In the light of previous studies indicating that vitamin E acetate given by gavage to mice before thermal injury can improve survival from subsequent infection, it was decided to test the efficacy of aqueous vitamin E given parentally after burn injury. The
experimental findings confirmed other results in the literature showing that vitamin E acetate does not alter outcome from subsequent infection in burned mice.
Peck M.D., Alexander J.W.
J. Burn Care Rehabil., 12: 41-42, 1991.
DIETARY FAT AND INFECTION IN BURNED ANIMALS
The experiments described in this article were
The aim of the European Centre for Disaster Medicine (CEMEC) is to promote the prevention and mitigation of the effects of natural and technological disasters through research, training and international collaboration, in particular among the countries of Europe. Through permanent mechanisms and in cooperation with the Council of Europe, the World Health Organization, the Office of the United Nations Disaster Relief Co-ordinator, universities, civil protection associations and other specialized bodies, it thus brings its humanitarian and scientific contribution to the efforts of society against the suffering and destruction caused by disasters.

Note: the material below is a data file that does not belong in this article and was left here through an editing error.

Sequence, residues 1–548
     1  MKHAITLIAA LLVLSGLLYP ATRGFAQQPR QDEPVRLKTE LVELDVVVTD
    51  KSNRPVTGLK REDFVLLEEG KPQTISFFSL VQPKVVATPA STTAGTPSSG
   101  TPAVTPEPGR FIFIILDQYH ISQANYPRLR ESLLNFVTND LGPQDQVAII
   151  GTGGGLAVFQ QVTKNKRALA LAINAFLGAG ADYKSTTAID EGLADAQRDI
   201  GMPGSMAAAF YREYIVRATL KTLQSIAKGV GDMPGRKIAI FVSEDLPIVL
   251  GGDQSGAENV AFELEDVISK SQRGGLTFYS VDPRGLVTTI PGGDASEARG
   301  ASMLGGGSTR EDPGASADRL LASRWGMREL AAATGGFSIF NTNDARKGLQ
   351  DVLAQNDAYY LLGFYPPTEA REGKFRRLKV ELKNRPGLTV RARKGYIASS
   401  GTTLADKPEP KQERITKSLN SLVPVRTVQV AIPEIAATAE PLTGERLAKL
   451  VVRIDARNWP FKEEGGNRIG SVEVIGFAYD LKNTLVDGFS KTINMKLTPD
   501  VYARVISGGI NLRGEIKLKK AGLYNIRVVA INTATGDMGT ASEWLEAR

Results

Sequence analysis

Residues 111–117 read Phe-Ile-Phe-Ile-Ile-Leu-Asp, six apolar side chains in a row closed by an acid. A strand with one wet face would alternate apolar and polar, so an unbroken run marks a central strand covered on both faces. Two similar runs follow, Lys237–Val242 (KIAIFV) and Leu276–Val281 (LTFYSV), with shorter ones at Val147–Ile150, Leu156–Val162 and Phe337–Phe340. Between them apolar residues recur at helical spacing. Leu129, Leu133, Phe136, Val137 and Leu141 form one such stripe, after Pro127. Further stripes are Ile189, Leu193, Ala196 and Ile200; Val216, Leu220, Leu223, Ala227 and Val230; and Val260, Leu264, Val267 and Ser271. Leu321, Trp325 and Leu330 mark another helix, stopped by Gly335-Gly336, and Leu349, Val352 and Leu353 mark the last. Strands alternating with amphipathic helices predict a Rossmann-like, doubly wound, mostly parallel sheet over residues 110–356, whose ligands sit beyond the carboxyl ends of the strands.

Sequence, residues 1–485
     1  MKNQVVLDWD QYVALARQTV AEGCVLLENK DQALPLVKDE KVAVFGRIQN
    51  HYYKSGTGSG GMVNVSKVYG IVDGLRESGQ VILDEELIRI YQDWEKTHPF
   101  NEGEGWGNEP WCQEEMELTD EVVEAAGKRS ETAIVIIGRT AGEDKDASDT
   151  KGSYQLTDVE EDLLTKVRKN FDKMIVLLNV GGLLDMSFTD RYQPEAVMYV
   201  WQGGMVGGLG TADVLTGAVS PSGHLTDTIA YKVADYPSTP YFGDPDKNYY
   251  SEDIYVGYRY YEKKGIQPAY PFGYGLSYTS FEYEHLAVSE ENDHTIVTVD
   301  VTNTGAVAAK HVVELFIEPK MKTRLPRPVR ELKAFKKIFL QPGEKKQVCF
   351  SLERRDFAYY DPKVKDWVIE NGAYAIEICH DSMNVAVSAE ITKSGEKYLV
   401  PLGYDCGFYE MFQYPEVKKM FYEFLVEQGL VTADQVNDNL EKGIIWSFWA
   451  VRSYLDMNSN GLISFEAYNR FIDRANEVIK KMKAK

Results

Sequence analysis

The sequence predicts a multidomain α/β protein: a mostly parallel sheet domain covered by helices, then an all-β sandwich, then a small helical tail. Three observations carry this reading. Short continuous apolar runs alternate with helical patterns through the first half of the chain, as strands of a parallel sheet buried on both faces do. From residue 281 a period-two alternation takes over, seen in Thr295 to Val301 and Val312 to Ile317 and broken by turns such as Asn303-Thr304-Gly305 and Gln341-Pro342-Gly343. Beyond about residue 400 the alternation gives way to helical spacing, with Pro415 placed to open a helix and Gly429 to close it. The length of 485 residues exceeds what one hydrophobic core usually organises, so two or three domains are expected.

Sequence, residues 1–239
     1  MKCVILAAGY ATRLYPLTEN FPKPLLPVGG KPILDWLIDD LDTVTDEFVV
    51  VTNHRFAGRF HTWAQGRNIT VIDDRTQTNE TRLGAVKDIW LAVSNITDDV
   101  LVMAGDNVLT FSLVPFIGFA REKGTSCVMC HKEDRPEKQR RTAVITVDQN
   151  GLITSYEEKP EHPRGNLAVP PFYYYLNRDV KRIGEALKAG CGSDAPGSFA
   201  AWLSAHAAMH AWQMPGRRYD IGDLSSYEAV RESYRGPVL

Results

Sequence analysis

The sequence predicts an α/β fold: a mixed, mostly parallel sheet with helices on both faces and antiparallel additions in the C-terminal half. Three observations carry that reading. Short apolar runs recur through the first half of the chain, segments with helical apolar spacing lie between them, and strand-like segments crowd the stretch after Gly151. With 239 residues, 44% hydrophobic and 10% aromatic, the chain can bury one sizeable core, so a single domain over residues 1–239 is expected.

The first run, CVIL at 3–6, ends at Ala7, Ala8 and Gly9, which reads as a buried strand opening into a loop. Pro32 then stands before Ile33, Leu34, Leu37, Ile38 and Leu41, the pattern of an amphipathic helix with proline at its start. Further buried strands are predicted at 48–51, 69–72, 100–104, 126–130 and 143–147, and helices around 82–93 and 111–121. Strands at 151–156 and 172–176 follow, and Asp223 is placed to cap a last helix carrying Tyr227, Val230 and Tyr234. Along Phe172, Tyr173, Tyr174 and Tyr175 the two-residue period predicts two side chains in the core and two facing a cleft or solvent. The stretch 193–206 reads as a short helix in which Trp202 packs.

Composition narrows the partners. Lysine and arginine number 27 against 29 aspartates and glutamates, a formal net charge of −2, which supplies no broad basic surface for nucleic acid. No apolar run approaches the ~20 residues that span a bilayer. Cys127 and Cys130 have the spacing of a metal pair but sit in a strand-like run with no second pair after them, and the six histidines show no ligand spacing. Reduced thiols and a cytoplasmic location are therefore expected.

Gunn S.W.A., Manni C. Disaster Management, 2, 2, 1989.
CURRENT CONCEPTS IN WOUND HEALING: GROWTH FACTOR AND MACROPHAGE ACTIVITY
Growth factors such as transforming growth factor-beta (TGF-beta), platelet derived growth factor (PDGF) and platelet activating factor (PAF) are potent wound-healing promoters which accelerate repair by various mechanisms. TGF-beta, a chemotactic factor, increases synthesis of extracellular matrix and stimulates granulation tissue. It was demonstrated that a single topical dose of TGF-beta increased the wound breaking strength 'in normal models of tissue repair as also in models of impaired wound repair, characterized by severe rfionocytopenia. I'DG17, a chemotactic agent for inflammatory cells, with mitogenic activity, has the effect of activating monocytes and stimulating collagen production, and it was found to induce a significant increase in the wound breaking strength with effects lasting up to 47 days. Unlike TGF-beta, I'DG17 was active only in normal models of wound healing and its effect depended on the presence of macrophages. PAF is a glycerophospholipid, which chemotaxes and activates macrophages, but differs from growth factors in that it lacks mitogenetic activity. One topical dose of PAF was sufficient to cause significant decreases in the wound breaking strength and to promote macrophage migration.